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Musharraf pledges to quit army

The Pakistani leader will step down as head of the military if he is elected to another term as president, his lawyer tells the high court.

September 19, 2007|Laura King | Times Staff Writer

islamabad, pakistan -- A lawyer representing President Pervez Musharraf declared in court Tuesday that the general would give up his role as army chief -- but only after he has been reelected to another term as president.

The statement, the first official and public pledge by Musharraf to relinquish the military post that has been the mainstay of his power, apparently was intended to calm Pakistan's political storm. But opponents immediately denounced it as too little, too late.

Opposition parties said they would press ahead with a legal bid to have Musharraf disqualified from standing for reelection by an electoral college made up of members of the outgoing provincial and national assemblies, which are dominated by allies of the president. The vote is scheduled to take place in early October.

A Supreme Court panel -- minus the chief justice, who recused himself after a bruising confrontation with Musharraf this year, when the general tried unsuccessfully to fire him -- is hearing half a dozen challenges to the Pakistani leader's eligibility to claim another term in office.

Musharraf's offer to step down as military chief after the presidential vote was delivered by government lawyer Sharifuddin Pirzada, who told the high court that "President Gen. Musharraf shall relinquish the office as chief of army staff soon after the election, but before taking the oath of office as president."

The leader's inauguration to a new term would take place on or shortly before Nov. 15.

Aides to the president had hinted Monday that such a pledge was in the offing, but analysts said it carried far greater weight coming in a legal forum.

Sweating in the sun outside the court building, a senior member of Musharraf's political party predicted that the declaration would "lower the political temperature."

"We are ready to move on. The country is ready to move on," said Mushahid Hussain Sayed, the secretary-general of the ruling Pakistan Muslim League-Q party. "We have taken the steam out of [the opposition's] arguments."

Not so fast, said opponents, who expressed frank skepticism that the president would keep his promise.

"We have had plenty of experience with Gen. Musharraf in this regard," said Liaqat Baloch, who represents an Islamist party that filed one of the court briefs demanding Musharraf's disqualification.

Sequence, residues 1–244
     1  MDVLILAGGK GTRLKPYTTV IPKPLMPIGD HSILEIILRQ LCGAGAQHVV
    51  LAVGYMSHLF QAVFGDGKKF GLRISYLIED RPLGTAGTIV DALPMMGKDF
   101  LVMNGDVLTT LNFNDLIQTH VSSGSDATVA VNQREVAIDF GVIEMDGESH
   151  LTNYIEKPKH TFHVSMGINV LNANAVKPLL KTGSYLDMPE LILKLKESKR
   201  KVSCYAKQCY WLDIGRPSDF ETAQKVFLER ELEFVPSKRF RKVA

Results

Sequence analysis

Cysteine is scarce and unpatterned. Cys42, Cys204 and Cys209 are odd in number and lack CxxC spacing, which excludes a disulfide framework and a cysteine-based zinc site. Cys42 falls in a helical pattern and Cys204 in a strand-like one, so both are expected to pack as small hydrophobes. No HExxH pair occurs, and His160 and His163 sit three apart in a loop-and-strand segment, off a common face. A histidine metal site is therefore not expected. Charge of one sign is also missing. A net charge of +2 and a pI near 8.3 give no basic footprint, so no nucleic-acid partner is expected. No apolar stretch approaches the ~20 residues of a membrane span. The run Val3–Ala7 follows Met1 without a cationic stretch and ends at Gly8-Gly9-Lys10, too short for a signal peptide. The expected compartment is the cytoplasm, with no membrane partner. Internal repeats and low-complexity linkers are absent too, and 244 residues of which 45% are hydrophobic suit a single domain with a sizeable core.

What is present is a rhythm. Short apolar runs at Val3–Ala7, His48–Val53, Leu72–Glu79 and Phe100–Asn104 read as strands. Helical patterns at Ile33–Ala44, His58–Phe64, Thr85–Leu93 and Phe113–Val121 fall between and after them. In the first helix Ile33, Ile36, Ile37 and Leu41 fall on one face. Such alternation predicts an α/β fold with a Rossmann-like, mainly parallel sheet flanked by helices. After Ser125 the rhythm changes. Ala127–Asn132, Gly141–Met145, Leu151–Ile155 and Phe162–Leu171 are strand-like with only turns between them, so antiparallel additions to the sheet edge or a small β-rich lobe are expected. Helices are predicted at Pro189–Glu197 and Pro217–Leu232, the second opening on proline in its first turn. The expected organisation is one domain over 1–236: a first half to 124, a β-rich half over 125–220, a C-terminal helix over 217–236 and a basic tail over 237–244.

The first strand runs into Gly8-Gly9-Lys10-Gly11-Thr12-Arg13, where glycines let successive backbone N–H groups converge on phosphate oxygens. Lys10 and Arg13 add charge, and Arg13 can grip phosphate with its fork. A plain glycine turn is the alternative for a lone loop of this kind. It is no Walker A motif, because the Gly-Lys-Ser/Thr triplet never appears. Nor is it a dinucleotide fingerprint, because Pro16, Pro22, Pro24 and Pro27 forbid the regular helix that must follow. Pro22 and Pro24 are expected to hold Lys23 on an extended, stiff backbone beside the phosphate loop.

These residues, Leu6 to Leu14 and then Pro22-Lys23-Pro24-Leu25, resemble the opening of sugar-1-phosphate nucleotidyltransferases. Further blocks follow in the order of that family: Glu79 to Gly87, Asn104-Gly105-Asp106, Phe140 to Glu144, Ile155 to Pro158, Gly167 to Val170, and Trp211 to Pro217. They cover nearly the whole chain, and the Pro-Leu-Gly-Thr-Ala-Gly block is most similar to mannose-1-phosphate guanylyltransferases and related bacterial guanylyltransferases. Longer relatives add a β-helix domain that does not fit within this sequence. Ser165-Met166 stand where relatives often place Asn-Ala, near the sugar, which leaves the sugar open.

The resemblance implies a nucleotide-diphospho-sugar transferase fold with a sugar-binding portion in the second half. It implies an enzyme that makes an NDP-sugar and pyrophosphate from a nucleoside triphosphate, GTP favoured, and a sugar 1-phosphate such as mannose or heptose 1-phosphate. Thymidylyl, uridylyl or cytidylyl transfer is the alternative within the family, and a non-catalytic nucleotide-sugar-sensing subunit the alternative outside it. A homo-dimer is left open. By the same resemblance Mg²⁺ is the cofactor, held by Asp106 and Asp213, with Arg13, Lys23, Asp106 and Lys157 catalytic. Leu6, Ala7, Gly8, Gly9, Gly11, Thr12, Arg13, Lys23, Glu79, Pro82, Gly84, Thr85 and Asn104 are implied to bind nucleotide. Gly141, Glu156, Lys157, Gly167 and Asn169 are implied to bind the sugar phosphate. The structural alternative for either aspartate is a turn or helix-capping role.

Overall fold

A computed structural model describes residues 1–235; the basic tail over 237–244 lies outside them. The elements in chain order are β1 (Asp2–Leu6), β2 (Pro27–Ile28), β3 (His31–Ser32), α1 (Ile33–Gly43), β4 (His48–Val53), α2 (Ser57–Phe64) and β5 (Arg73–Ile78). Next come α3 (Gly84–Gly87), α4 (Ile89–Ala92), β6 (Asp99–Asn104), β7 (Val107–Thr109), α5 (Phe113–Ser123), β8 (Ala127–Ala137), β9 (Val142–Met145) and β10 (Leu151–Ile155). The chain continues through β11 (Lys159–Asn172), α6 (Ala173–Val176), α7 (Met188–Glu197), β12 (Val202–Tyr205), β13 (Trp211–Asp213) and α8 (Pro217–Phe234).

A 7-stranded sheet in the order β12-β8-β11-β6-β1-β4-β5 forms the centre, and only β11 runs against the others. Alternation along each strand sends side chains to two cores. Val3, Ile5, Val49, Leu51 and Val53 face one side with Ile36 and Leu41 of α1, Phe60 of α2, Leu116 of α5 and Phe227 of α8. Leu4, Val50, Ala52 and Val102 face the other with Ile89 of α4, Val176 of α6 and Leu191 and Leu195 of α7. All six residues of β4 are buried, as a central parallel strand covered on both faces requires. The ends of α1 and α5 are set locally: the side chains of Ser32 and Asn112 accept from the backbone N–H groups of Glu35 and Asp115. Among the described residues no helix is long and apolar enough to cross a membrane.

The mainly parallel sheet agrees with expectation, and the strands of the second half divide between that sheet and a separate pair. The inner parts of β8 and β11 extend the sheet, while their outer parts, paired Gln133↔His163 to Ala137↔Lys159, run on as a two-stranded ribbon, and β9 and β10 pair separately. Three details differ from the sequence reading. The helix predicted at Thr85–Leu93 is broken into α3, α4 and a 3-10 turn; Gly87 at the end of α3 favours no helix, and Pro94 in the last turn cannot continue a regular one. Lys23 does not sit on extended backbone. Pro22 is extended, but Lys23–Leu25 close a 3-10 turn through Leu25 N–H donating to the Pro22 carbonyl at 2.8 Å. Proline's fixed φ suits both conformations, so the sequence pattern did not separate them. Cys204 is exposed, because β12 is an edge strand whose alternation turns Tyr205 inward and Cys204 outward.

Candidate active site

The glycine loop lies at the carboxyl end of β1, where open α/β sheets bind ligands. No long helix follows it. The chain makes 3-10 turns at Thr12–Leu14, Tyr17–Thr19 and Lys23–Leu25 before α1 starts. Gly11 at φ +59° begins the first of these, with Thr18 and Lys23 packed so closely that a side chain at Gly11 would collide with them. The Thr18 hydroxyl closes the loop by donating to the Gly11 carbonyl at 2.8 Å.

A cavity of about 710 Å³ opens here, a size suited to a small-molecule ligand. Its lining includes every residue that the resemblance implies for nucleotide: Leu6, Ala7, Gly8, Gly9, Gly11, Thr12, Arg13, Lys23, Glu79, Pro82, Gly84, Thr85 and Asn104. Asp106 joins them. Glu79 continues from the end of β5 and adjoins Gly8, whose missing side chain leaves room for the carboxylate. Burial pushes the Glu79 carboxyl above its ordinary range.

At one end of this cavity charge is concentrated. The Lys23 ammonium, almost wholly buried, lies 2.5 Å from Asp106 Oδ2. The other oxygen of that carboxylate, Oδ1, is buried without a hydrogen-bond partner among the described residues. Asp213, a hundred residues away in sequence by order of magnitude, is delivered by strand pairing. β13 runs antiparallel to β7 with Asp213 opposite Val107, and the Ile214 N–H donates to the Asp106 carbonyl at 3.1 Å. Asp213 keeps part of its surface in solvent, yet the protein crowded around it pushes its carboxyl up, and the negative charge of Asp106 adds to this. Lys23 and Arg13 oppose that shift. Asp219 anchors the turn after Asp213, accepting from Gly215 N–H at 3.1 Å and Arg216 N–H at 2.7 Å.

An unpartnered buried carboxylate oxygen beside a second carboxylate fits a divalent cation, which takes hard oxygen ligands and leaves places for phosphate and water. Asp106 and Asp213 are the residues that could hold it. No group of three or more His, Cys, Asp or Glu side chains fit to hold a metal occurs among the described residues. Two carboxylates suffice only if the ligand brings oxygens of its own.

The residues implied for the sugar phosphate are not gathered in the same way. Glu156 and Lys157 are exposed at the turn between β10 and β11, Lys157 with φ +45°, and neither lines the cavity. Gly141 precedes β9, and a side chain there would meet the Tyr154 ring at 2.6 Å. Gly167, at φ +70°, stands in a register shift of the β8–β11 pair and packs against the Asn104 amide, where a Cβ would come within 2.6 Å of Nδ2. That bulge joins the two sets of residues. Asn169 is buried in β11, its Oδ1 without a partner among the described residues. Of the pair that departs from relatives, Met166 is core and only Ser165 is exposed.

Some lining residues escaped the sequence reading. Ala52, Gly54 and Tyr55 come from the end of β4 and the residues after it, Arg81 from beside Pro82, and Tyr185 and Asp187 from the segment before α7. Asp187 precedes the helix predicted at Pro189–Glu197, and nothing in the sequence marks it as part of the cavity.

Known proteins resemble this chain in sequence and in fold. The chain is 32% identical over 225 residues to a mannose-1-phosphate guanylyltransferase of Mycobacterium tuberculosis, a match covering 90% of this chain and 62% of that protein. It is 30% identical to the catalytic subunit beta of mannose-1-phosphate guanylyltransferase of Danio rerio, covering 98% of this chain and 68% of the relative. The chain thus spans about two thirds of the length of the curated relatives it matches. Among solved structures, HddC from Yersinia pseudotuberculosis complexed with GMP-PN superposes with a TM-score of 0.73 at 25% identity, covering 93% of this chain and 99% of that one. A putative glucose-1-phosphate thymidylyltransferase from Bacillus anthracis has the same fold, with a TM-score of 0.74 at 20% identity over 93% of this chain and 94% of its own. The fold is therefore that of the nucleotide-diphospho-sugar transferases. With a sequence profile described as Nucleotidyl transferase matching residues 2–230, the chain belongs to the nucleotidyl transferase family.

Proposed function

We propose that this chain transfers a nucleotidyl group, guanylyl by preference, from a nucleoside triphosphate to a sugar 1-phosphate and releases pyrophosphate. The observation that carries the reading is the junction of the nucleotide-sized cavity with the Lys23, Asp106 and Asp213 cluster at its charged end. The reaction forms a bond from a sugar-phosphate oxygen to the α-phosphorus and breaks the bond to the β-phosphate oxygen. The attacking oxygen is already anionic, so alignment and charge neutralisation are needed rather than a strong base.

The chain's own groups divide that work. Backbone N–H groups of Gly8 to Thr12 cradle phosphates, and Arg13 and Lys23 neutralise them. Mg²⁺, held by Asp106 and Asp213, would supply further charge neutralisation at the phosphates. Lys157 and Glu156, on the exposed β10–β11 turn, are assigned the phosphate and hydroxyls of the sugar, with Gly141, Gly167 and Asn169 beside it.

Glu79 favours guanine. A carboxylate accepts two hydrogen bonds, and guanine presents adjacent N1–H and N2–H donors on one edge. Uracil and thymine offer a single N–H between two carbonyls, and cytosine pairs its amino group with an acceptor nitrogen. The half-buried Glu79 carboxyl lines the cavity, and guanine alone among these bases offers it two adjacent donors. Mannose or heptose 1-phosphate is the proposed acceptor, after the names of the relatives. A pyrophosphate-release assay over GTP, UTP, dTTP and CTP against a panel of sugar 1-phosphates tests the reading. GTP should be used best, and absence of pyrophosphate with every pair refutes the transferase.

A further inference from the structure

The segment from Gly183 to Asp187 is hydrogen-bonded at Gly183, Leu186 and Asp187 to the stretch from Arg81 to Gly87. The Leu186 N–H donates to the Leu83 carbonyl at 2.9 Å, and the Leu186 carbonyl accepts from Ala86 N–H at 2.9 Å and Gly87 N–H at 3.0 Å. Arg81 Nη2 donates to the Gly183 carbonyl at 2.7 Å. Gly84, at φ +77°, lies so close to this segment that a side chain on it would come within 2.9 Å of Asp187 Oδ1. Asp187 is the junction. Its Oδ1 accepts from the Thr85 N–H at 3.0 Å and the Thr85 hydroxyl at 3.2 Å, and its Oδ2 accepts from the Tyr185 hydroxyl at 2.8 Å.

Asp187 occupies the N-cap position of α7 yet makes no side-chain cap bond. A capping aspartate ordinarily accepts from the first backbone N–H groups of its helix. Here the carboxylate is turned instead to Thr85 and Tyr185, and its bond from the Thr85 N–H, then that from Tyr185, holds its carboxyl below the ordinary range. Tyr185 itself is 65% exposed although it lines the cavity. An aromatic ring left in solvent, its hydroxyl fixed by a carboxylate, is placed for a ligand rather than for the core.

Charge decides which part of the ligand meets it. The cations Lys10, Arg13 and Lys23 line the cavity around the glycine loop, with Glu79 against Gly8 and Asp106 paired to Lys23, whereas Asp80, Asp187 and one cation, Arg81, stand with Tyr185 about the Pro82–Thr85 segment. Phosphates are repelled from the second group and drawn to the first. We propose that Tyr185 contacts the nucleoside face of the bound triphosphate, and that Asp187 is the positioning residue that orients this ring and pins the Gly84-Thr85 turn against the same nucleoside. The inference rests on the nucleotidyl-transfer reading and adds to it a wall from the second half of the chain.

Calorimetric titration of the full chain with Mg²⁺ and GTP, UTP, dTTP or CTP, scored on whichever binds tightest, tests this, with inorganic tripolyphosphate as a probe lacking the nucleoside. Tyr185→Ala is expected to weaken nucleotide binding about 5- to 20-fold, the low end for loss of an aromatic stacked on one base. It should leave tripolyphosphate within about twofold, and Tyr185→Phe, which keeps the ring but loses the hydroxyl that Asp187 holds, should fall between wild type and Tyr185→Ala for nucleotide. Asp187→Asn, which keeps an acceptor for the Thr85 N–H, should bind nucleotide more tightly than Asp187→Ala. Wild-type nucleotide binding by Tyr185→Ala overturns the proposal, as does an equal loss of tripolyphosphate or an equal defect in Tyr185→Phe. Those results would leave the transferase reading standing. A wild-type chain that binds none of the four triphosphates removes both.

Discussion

The general, Baloch pointed out, had reneged on similar pledges made after the 1999 coup that brought him to power.

Another of the complainants, a lawyers association, called the statement a ruse meant to cloud court proceedings and ensure that Musharraf's supporters do not bolt before he has secured a new five-year term.

"It's a very clever statement," said the group's attorney, Muneer Malik.

"But consider the negative: The message is that if he is not elected, he will not give up the uniform."

The general's maneuver poses perhaps the thorniest challenge to the party of former Prime Minister Benazir Bhutto, who has been in talks for months with Musharraf's camp about a power-sharing deal. She has demanded that he step down as military chief before standing for election.

Bhutto, who has lived in exile for eight years, is still seeking to clinch an accord with Musharraf, which her party says could help pave the way for a smooth transition to civilian rule. But the former prime minister, who has announced plans to return to Pakistan on Oct. 18, has already seen her prestige dented by association with the unpopular leader.

Perhaps mindful of that, her party issued a highly critical statement.

"This kind of bending of electoral rules and constitutional laws will trigger political instability in Pakistan, which the country can ill afford," said party spokeswoman Sherry Rehman. "If Gen. Musharraf had thought of Pakistan first, he would have relinquished the post of army chief prior to seeking election from the present parliament."

It is unclear whether Musharraf, who has continued to enjoy the backing of the Bush administration throughout his months-long faceoff with pro-democracy activists, will accept the court's verdict if it disqualifies him.

The Pakistani leader could dissolve parliament and put off any elections, or declare emergency rule or martial law, which would involve drastic curtailment of Pakistanis' civil liberties.

One possible pretext for the general to declare a state of emergency is the Islamist insurgency in the country's tribal areas bordering Afghanistan, which has grown more intense in recent weeks. Government forces have suffered a series of setbacks in the fighting, including a mass surrender of more than 200 troops last month without a shot being fired.

Officials on Tuesday acknowledged the deaths of at least 15 soldiers, some of them elite commandos, in a confrontation a day earlier in North Waziristan, a focal point in the border fighting. U.S. intelligence reports have described the semi-autonomous region as a haven for Taliban and Al Qaeda leaders.

Reuters news agency quoted an intelligence official as saying that some of the dead soldiers had their throats cut.

Militants in the tribal region have been terrorizing civilians as they seek to impose a harsh Taliban-style social code, assassinating tribal elders who cooperate with the government, blowing up music stores and barbershops and beheading alleged prostitutes.


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